Getting started with Ollama with Microsoft's Phi-2

Getting started with Ollama with Microsoft's Phi-2
Photo by Liudmila Shuvalova / Unsplash

It seems that each week brings a dozen new generative AI-based tools and services. Many are wrappers to ChatGPT (or the underlying LLMs such as GPT 3.5 Turbo), while some bring much more. Ollama is one of the latter, and it's amazing.

In this blog post, I'll briefly examine what Ollama is, and then I'll show how you can use it with Microsoft's Phi-2.

What is Ollama?

Ollama is a free app for running generative AI Large Language Models locally. It's available - right now - for MacOS and Linux, but you can easily run it on Windows within Windows Subsystem for Linux, too.

[ Feb 16, 2024 ] Note! The Windows preview client is now available for Ollama:

A small binary pulls the desired LLMs (models) locally for you to run and serve. You can either interact with the models directly from a CLI or access them via a simple REST API. It can leverage your GPU, and it's lightning-fast on a MacBook Pro and PCs with a good GPU.

You can download Ollama at

What models can I run?

See the list of models here. The models I regularly use include

  • llama2 - a nice and efficient general model
  • mistral - possibly the best model available right now
  • mixtral - based on Mistral but utilizes Mixture of Experts
  • codellama - code generation for Python, C++, Java, PHP, Typescript (Javascript), C#, Bash, and I think a few more
  • phi-2 - a "small language model" with better performance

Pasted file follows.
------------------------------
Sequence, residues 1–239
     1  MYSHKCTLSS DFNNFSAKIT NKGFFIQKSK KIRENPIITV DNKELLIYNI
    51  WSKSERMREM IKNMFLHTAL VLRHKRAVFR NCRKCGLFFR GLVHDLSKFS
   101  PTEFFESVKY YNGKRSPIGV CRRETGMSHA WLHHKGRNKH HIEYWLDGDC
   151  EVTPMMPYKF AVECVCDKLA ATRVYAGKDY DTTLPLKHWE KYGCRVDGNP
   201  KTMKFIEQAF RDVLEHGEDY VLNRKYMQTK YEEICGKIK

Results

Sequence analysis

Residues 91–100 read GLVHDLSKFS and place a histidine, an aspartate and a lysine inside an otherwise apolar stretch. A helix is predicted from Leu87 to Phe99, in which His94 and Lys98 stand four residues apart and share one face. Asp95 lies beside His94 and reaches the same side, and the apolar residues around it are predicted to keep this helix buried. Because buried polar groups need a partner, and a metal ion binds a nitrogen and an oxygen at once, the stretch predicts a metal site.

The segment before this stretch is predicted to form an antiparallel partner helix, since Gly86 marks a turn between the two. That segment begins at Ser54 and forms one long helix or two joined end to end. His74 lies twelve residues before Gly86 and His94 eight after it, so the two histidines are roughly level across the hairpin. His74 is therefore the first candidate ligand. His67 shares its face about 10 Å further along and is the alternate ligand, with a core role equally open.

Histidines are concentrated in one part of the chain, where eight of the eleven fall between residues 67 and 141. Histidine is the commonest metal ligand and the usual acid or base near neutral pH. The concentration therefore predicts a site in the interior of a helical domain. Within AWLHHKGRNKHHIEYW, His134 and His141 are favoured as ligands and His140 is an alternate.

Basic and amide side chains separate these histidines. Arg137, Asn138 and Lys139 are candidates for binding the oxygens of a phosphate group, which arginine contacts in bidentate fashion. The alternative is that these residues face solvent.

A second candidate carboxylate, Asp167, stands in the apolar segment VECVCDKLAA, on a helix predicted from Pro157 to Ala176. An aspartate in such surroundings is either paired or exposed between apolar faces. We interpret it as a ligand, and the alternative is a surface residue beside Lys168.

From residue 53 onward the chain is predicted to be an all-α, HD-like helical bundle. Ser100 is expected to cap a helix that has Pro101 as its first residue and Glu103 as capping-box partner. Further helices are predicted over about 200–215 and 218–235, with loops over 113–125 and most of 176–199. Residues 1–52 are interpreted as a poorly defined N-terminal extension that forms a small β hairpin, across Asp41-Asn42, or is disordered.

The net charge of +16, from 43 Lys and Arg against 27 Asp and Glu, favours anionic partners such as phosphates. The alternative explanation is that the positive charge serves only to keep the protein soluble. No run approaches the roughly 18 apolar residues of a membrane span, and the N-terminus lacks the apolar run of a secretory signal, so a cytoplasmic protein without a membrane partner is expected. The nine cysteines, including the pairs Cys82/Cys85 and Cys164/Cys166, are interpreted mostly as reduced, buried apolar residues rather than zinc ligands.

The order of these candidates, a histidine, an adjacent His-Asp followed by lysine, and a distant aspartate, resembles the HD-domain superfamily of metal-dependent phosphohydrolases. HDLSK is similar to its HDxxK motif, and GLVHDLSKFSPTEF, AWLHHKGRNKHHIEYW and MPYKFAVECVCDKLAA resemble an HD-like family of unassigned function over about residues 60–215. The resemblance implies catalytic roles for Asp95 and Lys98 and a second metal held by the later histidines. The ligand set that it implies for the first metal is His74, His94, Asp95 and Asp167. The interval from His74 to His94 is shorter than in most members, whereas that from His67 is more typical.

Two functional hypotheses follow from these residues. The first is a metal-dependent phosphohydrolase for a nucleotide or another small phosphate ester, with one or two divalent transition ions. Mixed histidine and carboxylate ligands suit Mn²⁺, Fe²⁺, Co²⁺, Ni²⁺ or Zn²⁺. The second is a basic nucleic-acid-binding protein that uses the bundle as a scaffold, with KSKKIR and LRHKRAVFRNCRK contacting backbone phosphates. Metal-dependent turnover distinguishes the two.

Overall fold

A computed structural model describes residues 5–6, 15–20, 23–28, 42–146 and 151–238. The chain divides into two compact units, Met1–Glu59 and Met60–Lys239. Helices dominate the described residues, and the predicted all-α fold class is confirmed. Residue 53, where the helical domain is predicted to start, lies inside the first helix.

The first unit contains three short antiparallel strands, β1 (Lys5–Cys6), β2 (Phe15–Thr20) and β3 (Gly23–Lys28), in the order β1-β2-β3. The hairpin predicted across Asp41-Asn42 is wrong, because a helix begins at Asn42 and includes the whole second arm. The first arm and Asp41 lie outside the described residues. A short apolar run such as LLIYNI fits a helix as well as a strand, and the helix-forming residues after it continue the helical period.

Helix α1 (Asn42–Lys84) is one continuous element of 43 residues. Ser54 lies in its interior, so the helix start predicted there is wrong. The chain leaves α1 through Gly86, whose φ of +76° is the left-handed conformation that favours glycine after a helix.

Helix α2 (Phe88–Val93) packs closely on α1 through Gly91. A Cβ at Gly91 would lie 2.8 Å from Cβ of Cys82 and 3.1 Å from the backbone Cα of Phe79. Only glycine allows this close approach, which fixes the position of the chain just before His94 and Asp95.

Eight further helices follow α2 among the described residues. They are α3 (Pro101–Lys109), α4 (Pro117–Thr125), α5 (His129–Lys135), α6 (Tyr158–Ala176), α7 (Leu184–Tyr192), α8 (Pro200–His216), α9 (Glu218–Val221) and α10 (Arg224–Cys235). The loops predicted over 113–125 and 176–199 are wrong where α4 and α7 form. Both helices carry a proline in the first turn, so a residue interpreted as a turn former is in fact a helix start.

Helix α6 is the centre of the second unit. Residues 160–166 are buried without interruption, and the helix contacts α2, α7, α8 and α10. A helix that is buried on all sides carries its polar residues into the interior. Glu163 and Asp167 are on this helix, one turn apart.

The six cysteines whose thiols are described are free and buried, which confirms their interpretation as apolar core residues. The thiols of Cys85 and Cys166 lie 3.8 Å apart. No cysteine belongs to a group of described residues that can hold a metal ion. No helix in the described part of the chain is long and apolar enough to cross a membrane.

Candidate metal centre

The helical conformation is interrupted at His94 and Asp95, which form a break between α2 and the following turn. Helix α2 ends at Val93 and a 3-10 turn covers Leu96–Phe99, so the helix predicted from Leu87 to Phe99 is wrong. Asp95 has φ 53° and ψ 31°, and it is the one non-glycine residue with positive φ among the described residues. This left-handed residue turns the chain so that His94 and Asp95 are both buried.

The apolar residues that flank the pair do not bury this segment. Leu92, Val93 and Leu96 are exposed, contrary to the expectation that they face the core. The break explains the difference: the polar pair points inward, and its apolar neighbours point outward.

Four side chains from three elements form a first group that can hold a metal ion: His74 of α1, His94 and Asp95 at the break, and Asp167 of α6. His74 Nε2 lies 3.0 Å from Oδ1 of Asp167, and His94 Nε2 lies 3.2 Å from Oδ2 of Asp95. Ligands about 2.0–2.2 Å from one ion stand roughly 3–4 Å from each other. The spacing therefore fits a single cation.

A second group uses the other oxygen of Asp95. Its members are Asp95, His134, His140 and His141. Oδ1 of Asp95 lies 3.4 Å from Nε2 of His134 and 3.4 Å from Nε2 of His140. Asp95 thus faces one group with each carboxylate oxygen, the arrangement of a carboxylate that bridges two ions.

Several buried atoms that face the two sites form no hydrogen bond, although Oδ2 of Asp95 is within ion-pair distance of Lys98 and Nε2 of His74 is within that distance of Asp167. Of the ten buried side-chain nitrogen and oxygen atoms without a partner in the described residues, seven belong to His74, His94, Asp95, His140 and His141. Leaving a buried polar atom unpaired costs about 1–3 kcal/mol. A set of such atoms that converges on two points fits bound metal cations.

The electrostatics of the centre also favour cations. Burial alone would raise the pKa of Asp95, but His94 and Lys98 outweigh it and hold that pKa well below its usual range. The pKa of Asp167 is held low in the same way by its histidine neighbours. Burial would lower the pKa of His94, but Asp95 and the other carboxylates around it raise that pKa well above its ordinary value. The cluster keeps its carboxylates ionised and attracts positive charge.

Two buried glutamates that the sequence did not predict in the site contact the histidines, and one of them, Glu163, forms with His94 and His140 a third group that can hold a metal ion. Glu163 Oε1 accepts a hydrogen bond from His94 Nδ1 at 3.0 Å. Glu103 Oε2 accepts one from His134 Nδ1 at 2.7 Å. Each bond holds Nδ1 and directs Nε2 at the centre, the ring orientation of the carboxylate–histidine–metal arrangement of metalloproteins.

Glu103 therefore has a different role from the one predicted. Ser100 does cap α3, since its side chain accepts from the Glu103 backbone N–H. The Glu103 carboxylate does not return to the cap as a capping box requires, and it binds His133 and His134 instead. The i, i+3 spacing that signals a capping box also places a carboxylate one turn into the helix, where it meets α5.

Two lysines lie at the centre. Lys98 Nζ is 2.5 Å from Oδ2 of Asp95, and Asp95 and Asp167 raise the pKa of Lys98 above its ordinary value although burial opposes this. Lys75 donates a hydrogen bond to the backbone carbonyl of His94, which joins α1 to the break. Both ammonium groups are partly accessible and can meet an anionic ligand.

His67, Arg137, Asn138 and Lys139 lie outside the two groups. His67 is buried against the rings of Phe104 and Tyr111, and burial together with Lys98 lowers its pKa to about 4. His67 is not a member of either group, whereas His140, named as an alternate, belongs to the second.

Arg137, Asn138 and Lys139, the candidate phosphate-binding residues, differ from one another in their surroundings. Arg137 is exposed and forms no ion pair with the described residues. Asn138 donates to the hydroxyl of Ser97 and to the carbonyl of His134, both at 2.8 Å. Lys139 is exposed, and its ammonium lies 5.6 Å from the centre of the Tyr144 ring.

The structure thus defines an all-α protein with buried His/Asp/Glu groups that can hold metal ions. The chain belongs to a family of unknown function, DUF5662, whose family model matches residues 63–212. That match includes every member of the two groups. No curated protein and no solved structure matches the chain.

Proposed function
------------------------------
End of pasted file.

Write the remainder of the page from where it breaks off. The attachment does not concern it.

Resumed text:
To run a model, you'd typically run ollama run <model>, which then pulls the model to your disk on the first run.

Specific models - such as the massive Mistral models - will not run unless you have enough resources to host them locally. That's why specific models are available in different versions under Tags on the Ollama site.

First run with llama2

Let's try Ollama for the first time. First, install it from the website, and then run ollama run llama2. I'm using Ollama on my MacBook Pro, and this is how it looks in the terminal:

You can tweak the session with a few commands, such as /set and /show. Using /set it's possible to set a system message for your LLM:

I doubt I'll bench press 200 kg (441 lbs) anytime soon with generative AI.

While running this, I checked within Activity Monitor how much memory Ollama is using:

About 2 GB and change - not too bad!

To exit the LLM, type /bye.

What about Phi-2? What's that?

Phi-2 was casually mentioned in early December by Microsoft's Satya Nadella. It's a small language model - with 'just' 2.7 billion parameters. The intention of Phi-2 is not to replace something like Llama2 with its 70 billion parameters but to provide a lighter footprint for use cases where reasoning and language understanding are key. Think of Phi-2 as a useful generative AI capability when you bring your own data instead of relying on the data already within the model.

Phi-2 is close to Llama2 and Mistral with commonsense reasoning and language understanding. It also works for coding and math.

Just now, Microsoft changed the license to MIT for the model, which is an open-source software license model allowing users more rights.

Running Phi-2

We already know how to do this - just run ollama run phi:

It's very fast compared to more 'traditional' Large Language Models. What we can also do with Ollama is offer data from outside the prompt - by feeding it via a text file. Here, I've got a text from my blog article on working remotely - and the syntax for feeding it to Phi-2 is ollama run phi "prompt $(cat textfile.txt)":

And again, it's blazing fast - ingesting all the text and immediately providing me with insights, summarization, or other aspects based on my data. I also don't have to mess around with embeddings, as Ollama takes care of this.

In closing

Ollama is a very exciting app that allows me to hop between different LLMs generously and efficiently. It can also serve as REST APIs, but admittedly, I've needed that less as I mostly utilize the models locally. That's perhaps a topic for a future article!